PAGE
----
Huo and his colleagues gathered the study data from 17 cancer registries, covering about 26 percent of the U.S. population.
The researchers also looked at the effect of declining HRT use on estrogen-receptor-negative tumors, and found a slight reduction for whites and Hispanics, but a slight increase in black women. According to the researchers, about 80 percent of tumors in white women are estrogen-receptor-positive, compared to about 60 percent in black women. Women from Nigeria, for example, have estrogen-receptor-positive tumors only about 30 percent of the time, according to the researchers.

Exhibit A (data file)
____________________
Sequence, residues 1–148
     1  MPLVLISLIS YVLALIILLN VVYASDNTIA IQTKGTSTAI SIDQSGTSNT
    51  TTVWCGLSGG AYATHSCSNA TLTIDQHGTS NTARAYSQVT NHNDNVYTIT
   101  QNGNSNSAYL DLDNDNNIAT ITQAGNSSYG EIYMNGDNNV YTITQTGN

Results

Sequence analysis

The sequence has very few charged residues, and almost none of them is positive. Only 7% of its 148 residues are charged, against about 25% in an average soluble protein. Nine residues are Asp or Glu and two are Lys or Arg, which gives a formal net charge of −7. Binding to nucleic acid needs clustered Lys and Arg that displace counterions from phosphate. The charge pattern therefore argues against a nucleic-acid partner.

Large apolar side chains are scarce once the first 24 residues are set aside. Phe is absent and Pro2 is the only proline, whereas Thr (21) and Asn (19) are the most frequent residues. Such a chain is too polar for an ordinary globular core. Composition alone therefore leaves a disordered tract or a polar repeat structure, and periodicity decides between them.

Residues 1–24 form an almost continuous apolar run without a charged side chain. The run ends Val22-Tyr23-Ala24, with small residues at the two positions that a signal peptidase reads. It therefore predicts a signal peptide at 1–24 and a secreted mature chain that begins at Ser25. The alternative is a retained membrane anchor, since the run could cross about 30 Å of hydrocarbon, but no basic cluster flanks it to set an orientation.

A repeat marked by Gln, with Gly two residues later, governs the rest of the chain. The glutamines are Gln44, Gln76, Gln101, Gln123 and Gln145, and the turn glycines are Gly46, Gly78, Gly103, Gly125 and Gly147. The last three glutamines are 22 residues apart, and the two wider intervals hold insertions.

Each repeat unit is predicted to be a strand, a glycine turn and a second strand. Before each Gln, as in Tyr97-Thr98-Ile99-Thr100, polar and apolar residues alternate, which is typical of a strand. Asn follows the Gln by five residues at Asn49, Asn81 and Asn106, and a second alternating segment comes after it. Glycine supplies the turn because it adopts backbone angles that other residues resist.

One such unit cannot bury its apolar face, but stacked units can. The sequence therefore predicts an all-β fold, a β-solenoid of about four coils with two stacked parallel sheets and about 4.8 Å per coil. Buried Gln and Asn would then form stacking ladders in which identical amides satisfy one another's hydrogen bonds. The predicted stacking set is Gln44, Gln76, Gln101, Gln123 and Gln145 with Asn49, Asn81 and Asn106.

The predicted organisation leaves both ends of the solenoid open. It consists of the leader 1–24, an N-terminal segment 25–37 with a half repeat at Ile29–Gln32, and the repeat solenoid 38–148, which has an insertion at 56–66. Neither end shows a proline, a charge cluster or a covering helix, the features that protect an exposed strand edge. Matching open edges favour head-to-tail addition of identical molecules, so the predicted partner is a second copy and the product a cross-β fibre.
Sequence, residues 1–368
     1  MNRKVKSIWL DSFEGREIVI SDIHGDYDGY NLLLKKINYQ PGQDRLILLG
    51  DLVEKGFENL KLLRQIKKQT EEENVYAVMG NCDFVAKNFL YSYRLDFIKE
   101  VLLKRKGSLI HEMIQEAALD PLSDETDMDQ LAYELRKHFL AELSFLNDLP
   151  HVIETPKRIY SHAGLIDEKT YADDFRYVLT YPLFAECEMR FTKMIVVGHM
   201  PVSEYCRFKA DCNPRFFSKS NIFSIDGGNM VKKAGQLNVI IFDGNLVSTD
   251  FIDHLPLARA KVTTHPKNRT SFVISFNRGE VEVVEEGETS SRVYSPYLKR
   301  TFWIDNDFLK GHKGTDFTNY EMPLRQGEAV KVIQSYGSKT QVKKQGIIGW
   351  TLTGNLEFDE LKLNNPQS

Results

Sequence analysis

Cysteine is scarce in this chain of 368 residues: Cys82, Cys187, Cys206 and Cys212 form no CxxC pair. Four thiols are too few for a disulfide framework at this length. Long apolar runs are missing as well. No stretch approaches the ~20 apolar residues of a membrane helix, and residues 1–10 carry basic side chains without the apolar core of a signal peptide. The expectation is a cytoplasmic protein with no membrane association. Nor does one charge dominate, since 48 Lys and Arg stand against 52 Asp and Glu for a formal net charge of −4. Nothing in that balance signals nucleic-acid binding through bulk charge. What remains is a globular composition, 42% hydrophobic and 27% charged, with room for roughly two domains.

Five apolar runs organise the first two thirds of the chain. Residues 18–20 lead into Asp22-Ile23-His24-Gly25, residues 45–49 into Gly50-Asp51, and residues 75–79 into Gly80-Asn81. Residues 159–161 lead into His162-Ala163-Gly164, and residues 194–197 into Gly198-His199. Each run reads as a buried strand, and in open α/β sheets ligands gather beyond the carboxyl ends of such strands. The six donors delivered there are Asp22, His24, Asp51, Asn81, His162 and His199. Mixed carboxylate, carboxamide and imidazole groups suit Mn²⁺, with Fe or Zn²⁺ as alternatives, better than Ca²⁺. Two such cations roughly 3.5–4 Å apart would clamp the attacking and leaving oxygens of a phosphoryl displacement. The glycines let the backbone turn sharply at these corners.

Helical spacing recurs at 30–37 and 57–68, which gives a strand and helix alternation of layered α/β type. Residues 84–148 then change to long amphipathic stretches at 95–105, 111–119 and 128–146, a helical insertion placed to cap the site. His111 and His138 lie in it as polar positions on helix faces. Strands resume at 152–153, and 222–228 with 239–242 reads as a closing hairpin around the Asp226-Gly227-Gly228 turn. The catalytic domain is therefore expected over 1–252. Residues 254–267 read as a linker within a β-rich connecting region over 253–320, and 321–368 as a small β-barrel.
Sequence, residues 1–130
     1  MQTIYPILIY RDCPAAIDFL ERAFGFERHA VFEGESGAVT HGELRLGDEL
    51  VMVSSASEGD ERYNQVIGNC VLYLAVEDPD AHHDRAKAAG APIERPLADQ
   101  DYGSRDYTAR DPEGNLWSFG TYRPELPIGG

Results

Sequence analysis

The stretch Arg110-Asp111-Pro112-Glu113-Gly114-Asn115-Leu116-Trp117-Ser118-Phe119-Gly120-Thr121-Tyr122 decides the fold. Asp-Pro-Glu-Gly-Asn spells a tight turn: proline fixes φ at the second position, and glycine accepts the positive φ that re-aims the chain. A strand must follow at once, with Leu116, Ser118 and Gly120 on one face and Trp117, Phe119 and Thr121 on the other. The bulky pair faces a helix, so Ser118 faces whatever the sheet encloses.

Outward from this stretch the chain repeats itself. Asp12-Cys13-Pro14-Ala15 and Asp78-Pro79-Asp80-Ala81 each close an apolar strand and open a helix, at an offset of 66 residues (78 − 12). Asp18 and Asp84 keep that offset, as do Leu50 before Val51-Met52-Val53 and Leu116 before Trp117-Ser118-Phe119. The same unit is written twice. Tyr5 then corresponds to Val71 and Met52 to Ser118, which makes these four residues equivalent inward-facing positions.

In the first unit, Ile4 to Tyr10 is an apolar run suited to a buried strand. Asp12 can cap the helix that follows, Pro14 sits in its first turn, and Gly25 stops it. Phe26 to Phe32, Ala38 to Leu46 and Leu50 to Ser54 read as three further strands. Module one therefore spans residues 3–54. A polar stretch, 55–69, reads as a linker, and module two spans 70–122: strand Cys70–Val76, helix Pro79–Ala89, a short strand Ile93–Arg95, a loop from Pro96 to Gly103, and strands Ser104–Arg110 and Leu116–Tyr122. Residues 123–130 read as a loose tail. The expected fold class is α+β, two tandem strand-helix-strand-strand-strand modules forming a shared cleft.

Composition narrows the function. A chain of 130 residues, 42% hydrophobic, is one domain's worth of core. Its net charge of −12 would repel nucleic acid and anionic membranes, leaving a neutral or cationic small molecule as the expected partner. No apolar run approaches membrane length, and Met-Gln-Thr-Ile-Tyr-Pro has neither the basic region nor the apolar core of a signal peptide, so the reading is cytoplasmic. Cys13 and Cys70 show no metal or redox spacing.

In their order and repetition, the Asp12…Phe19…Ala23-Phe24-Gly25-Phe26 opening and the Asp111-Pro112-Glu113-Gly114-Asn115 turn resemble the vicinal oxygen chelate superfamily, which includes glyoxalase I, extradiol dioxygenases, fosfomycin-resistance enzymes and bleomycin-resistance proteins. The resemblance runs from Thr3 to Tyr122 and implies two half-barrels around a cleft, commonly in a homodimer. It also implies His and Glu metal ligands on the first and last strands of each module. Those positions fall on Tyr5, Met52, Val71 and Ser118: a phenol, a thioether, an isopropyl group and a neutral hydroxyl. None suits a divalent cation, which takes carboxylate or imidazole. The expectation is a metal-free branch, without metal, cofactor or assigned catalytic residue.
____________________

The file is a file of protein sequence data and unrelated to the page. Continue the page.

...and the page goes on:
Ward said it's important to realize that the differences in tumor types might not be due to race, but due to environmental and social factors.
Huo's team also examined the effect of stopping HRT on very early breast cancers, and found virtually no change.
At the end of 2004, there was a slight increase in the rates of invasive breast cancer for Asian/Pacific Islanders, which Huo said might be attributable to an increased rate of mammography in this group of women.
"This is an area of a great deal of interest -- we've known that black women have a lower incidence of breast cancer, but higher mortality rates. No one really understands why," said Ward, who added that all women should get a mammogram every year. "Mammography can detect breast cancer early and can decrease the risk of dying early," she said.
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